Contact Lenses

It's Your Health

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The Issue

Contact lenses are medical devices which, like drugs, provide benefits while posing certain risks. If you wear contact lenses, you should take steps to minimize these risks and protect your vision.


Many people wear contact lenses to correct their vision. The reasons for choosing contacts over glasses or refractive eye surgery (which corrects the shape of the cornea) include lifestyle, sports and appearance.

Contact lenses are tiny saucer-shaped pieces of plastic. They are placed on the cornea of the eye, and float on a thin layer of tear fluid. In some cases, contact lenses may offer improved vision correction when compared to glasses because they correct the refractive error closer to the eye. Several types of contact lenses are available.

Hard lenses are made of a firm polymer plastic material. They are easier to keep clean because they are less likely to absorb foreign material from the eye or environment. You must remove hard lenses before you go to sleep because they restrict the flow of oxygen to the cornea, which needs oxygen to stay healthy.

Soft lenses are less durable, but are more comfortable because they are made of a softer plastic called hydrogel. Because they contain a higher percentage of water, they permit a better flow of oxygen to the cornea. However, the material is also more porous, so there is an increased risk of eye irritation and infection due to contamination by bacteria, dust and protein. Usually soft contact lenses are removed from the eye at the end of each day.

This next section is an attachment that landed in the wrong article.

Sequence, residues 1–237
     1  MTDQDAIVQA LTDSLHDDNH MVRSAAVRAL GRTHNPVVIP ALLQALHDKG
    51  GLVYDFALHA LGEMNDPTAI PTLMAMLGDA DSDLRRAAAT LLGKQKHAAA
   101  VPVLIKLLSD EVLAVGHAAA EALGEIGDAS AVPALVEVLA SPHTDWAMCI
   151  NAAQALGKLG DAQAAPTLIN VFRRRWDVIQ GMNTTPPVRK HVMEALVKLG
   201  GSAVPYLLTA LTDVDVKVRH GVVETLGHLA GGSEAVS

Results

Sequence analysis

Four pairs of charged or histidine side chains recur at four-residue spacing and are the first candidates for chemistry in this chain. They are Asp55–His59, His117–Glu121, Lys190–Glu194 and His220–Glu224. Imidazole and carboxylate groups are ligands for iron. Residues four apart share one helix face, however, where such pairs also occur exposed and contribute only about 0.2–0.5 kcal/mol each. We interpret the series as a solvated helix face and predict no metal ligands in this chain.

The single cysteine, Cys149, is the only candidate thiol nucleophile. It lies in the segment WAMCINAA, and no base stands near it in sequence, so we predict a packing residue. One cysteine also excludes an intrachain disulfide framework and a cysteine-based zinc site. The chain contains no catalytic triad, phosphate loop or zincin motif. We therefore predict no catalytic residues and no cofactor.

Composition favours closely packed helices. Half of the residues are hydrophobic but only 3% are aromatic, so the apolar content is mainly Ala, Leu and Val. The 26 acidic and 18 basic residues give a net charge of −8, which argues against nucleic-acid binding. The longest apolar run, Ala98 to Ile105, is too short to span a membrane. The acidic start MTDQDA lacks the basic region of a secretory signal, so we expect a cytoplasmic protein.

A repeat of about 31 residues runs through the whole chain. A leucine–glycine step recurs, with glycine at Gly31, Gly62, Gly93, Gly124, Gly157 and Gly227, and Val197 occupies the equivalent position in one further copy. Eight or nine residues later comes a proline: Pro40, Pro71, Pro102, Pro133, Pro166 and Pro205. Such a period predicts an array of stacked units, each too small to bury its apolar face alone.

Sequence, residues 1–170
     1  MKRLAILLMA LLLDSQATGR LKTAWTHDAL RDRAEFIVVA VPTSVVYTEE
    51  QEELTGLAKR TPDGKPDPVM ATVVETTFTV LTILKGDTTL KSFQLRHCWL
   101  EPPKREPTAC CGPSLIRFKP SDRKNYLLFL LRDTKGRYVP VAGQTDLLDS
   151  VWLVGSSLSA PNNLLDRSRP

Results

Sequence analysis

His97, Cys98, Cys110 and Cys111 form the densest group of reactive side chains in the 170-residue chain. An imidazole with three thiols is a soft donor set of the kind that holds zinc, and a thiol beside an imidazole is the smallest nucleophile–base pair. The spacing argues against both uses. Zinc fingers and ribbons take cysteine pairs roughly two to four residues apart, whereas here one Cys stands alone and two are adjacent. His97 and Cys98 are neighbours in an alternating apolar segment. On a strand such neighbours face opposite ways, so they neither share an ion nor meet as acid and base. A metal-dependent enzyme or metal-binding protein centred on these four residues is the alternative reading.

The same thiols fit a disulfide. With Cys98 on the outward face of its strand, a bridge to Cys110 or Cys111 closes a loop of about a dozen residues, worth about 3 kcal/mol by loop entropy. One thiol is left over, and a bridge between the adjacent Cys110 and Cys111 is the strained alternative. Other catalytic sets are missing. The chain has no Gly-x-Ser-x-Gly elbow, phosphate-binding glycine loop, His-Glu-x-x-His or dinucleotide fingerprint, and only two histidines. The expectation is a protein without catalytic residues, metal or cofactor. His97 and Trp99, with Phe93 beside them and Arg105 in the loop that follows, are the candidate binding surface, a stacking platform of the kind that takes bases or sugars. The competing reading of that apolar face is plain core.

Extended-wear lenses are soft contacts that have been licenced for continuous wear for up to 30 days and nights without being removed.

Rigid gas permeable lenses combine the features of hard and soft contacts. They permit the passage of more oxygen to the cornea than hard lenses do, and are more effective for people with astigmatism.

Corneal reshaping or refractive lenses are rigid gas permeable contacts that are custom-fitted by an eye care professional. They are worn overnight, and are intended to reshape the cornea to correct minor degrees of nearsightedness and astigmatism in adults. These lenses do not correct vision while they are worn. Instead, vision is corrected for several hours after wear, because the cornea has been temporarily reshaped during sleep. The procedure is called orthokeratology, and the results are variable. This type of contact lens should be fitted only by an eye care professional with specialized training.

Potential Adverse Health Effects

The most common eye problems encountered by contact lens users are excess tearing, itching, burning, sensitivity to light, dryness, and occasional blurred or distorted vision. These conditions may be worsened by improper care or cleaning of contact lenses and increase the risk of developing an eye infection.

Clinical studies suggest that the extended use of contact lenses, particularly overnight, seriously increases the risk of developing corneal ulcers. This condition is called ulcerative keratitis. An ulcer can perforate or scar the cornea in a day or two, leading to permanent scarring of the cornea or even blindness. Many eye doctors advise their patients not to use extended-wear contact lenses.